HOW HE SEES IT Europe is more a U.S. competitor than ally

The American people should consider President Bush's visit to Europe as we would view one to China -- a business trip to a rival whose interests and ours often differ.
Until Europe shows it again wants to be a U.S. ally, rather than an ambitious competitor, it would be foolish to treat the Europeans otherwise.
Bush understands the changing nature of the U.S. relationship with the continent from which most of our citizens trace their heritage. He is aware of the animus with which he is viewed there and that most of its leaders rooted for his defeat last year.
Secretary of State Condoleezza Rice's visit this month sought to mend fences, but she did not apologize for U.S. policies that have driven a wedge in trans-Atlantic relations, nor did she suggest they would change.
Bush's refusal to bow to the European Union view that it is a countervailing force to the United States in world affairs to which he must cater, is at the root of the increasing disharmony between us and them.
It is not just Iraq, although the war symbolizes how differently Americans and Europeans see the world.
Europeans don't share the U.S. view that promoting individual freedom is a desirable foreign-policy goal. They believe talking is always (as opposed to usually) better than fighting. Hence their unhappiness with the U.S. results-oriented approach in world affairs and their belief that Bush's emphasis on spreading freedom is naive.
The Europeans' view of how an economy should operate requires more regulation and higher taxes than the U.S. emphasis on greater opportunity, which has yielded much higher living standards here than there. And they live in a more secular environment, less comfortable with traditional values.
Political ambitions
How the Europeans deal with gays, guns and the gas chamber doesn't affect us. Their political and financial ambitions are another story.
Five U.S. senators met with French President Jacques Chirac recently. Delaware Democrat Joe Biden, who might be secretary of state were John Kerry president, told reporters that Chirac made clear he saw the European Union as a U.S. competitor as much as an ally.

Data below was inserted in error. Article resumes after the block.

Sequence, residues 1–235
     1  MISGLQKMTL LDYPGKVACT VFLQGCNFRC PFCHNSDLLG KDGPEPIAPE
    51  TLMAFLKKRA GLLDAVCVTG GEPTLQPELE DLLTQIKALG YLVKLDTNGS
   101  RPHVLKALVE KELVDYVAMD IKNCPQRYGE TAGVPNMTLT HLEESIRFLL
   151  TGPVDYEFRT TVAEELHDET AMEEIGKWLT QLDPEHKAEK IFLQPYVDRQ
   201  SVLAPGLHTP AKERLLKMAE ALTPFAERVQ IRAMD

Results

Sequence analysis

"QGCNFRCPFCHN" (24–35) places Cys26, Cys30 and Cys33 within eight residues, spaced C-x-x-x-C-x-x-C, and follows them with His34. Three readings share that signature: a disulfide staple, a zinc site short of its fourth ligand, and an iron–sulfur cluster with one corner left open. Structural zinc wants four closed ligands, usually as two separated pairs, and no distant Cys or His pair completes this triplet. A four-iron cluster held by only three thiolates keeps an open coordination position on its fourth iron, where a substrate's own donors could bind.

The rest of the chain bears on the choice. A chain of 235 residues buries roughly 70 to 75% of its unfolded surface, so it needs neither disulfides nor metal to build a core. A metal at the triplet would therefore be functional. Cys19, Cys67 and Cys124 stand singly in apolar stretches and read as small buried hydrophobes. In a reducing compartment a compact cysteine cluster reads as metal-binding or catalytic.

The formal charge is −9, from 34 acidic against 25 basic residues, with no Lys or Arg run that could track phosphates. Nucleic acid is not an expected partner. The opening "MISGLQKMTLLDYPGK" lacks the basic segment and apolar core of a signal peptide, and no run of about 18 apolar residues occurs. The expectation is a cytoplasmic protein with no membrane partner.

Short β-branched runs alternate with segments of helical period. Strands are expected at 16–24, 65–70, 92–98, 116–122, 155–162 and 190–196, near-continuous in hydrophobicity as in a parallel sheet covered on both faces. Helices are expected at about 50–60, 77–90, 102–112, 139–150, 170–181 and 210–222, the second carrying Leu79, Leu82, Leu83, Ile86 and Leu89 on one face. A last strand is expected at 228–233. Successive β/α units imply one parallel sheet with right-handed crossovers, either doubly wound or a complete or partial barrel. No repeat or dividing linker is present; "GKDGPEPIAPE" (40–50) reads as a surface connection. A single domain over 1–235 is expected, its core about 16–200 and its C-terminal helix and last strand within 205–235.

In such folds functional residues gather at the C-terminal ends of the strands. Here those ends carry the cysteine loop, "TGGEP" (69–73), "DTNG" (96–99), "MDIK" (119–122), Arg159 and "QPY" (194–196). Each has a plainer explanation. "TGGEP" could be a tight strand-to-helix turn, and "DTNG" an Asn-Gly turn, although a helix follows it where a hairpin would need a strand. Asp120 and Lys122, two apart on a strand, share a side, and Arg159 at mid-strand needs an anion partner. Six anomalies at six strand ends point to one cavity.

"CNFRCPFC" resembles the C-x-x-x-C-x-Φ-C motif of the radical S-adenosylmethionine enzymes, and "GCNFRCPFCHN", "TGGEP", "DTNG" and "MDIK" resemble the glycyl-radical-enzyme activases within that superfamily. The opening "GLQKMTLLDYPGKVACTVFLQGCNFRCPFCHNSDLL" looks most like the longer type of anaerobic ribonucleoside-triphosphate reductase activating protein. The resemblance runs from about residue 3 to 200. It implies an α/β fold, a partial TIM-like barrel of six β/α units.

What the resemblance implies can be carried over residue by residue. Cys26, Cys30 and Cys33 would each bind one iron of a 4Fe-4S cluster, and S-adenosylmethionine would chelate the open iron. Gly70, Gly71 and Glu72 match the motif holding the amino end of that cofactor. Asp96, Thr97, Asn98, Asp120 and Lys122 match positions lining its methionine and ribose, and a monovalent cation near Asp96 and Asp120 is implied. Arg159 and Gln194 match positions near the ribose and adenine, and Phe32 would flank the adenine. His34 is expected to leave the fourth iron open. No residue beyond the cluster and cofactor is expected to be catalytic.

The EU, now 25 nations strong, is not a monolith. England, Poland and other former Soviet satellites are more kindly disposed to Washington than are France and Germany.
But we should understand that the EU sees itself as a United States of Europe. It has a larger population and commercial market than our 50 states. The EU wants to supplant America as the world financial leader and rival it politically while continuing to take advantage of our defense umbrella.
The United States should treat the EU the same way it does other rivals with which it does business because doing so is in America's interest. We want good relations with Europe because of the mutual need to fight terrorism, just as we want to get along with China because we share a desire to keep North Korea nuclear-free.
Of course, there are differences between China and Europe, but those differences make Asia more important to our kids' future than Europe.
China -- and the rest of Asia -- is the relationship that will matter more down the road. The EU faces budget and pension problems that make ours look tame by comparison, while we are living in what is destined to be the "Asian Century."
Largest fighting force
The EU has no military that matters or any territorial ambitions. The Chinese, on the other hand, do bear watching because of their obvious interest in dominating Asia and their ability to field the world's largest, if not most powerful, fighting force.
It would be foolish for Americans to ignore the EU's goal of replacing the dollar as the world's dominant currency, which could cost U.S. jobs. The EU's instincts are much less market-friendly and it doesn't hesitate to use its immense regulatory bureaucracy to make life more difficult for U.S. companies, a back-door strategy of trying to win economic gains not available through free-market competition.
Politically, although the EU sees itself as one entity with a hoped-for unified foreign policy, its members outvote the United States 25-1 in the United Nations and other world bodies. Perhaps that is one reason why the EU answer to any problem seems to be sending it to some international group -- in which they are overrepresented -- for resolution.
Obviously a rapprochement in U.S.-European relations is in everyone's interest. But let's not forget the EU wants to take some of America's power and prosperity for its own.
X Peter A. Brown is an editorial page columnist for the Orlando Sentinel. Distributed by Knight Ridder/Tribune Information Services.